With only a dummy named Ripley on board, the launch was a dress rehearsal for the first manned test flight -- scheduled for later this year with two NASA astronauts.
The rocket blasted off without incident at 2:49 am (0749 GMT) from the Kennedy Space Center at Cape Canaveral, lighting up Florida's coastline.
Eleven minutes later, the confirmation came from SpaceX mission control: "Dragon separation confirmed."
That triggered cheers at the firm's headquarters and at the Kennedy Space Center.
The capsule is scheduled to reach the ISS by Sunday at around 1100 GMT, with a return to Earth next Friday.
It will splash down in the Atlantic Ocean, from where it will be brought back to Cape Canaveral.
In another success, the rocket's first stage returned to Earth, landing on a platform 500 kilometers off the Florida coast in the Atlantic. It marks the 35th such recovery by SpaceX.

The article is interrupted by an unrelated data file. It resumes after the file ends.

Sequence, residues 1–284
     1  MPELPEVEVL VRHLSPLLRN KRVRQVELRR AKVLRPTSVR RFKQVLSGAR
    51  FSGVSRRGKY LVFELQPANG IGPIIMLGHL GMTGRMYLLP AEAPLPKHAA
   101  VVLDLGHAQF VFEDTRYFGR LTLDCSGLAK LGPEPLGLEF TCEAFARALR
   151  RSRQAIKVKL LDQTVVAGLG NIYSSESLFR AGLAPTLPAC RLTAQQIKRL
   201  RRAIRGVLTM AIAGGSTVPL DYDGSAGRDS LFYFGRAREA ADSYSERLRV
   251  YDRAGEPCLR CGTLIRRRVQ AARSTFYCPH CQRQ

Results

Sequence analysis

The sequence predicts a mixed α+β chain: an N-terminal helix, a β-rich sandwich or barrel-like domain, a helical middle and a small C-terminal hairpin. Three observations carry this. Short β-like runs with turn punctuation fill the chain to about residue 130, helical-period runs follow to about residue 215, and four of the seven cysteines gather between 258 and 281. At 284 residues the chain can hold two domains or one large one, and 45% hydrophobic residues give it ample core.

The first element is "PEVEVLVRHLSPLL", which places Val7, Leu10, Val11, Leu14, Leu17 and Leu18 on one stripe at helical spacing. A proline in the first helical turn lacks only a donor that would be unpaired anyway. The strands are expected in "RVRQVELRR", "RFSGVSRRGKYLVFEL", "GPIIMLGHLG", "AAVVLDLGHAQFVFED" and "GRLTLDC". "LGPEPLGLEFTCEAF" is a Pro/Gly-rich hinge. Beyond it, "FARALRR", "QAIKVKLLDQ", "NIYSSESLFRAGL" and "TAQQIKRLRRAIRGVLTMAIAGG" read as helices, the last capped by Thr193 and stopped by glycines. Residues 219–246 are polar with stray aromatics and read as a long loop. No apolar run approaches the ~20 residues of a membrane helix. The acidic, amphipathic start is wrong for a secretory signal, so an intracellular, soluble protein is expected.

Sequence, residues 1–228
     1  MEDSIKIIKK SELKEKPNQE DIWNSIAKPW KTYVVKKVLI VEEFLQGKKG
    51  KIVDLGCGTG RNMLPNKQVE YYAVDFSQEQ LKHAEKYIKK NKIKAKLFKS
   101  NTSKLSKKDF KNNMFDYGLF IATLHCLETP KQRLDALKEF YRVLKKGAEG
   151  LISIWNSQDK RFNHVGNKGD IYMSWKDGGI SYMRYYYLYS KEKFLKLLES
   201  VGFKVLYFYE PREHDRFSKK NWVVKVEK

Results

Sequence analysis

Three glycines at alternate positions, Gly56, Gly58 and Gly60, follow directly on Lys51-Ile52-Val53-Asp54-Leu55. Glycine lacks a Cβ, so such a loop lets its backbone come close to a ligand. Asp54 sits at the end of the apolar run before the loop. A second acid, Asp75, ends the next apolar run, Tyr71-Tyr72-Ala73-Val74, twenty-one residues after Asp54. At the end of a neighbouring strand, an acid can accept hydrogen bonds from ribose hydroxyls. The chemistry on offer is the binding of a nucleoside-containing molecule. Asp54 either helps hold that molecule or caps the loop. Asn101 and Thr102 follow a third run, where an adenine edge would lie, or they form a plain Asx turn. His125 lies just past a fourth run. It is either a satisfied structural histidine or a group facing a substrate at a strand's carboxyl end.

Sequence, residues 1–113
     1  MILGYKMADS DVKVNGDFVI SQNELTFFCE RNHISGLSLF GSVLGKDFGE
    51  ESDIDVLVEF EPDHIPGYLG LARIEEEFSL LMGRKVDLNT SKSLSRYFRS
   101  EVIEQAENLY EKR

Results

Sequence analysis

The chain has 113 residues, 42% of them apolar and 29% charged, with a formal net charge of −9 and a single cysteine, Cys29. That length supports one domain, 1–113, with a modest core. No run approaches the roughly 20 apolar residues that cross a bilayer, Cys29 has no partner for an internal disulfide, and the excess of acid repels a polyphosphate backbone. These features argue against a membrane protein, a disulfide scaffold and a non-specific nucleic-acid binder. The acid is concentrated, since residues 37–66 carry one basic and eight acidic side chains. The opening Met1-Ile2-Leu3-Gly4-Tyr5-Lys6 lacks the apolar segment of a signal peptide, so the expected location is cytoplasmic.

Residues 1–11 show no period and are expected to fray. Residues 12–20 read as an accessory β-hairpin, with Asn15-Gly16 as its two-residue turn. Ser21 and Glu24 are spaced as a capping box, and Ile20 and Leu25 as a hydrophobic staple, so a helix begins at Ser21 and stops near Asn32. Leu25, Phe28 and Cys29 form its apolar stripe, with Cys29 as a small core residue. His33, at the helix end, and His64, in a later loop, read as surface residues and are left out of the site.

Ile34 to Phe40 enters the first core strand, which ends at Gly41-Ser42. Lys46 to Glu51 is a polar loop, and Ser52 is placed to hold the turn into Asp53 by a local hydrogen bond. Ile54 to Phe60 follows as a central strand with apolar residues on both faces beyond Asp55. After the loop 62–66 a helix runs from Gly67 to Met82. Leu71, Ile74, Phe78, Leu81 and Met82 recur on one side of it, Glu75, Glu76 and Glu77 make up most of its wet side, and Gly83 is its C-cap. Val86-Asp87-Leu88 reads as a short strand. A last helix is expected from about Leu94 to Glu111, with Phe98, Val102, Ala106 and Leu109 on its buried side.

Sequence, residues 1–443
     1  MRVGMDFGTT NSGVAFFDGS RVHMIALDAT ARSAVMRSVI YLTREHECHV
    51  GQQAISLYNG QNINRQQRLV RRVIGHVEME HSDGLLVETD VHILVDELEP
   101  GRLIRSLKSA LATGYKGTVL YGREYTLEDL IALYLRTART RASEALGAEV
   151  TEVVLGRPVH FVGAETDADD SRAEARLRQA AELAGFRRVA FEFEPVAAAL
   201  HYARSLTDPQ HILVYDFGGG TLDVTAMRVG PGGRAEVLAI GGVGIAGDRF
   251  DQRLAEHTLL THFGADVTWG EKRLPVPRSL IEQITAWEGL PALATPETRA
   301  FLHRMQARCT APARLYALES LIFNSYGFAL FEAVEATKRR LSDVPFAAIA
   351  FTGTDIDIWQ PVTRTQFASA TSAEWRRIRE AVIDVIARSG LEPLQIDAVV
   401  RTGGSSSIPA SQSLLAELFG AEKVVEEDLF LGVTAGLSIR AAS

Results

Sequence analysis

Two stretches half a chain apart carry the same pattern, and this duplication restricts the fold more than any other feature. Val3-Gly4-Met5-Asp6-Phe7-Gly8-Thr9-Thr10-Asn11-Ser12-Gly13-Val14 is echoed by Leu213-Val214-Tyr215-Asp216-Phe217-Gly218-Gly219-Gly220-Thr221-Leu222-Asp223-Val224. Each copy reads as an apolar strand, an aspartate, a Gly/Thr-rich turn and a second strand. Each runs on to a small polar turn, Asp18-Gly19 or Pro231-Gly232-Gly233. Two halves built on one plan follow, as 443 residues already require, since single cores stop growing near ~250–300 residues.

After its shuttle program was shuttered in July 2011 after a 30-year run, NASA's manned flights came to an end.
Since then, it has been buying seats in Russian Soyuz rockets -- the only ones capable of transporting humans there.
Keeping its options open, the US space agency in 2014 awarded contracts to both SpaceX and Boeing for them to take over this task.
Boeing's Starliner capsule will be tested in April, at the earliest.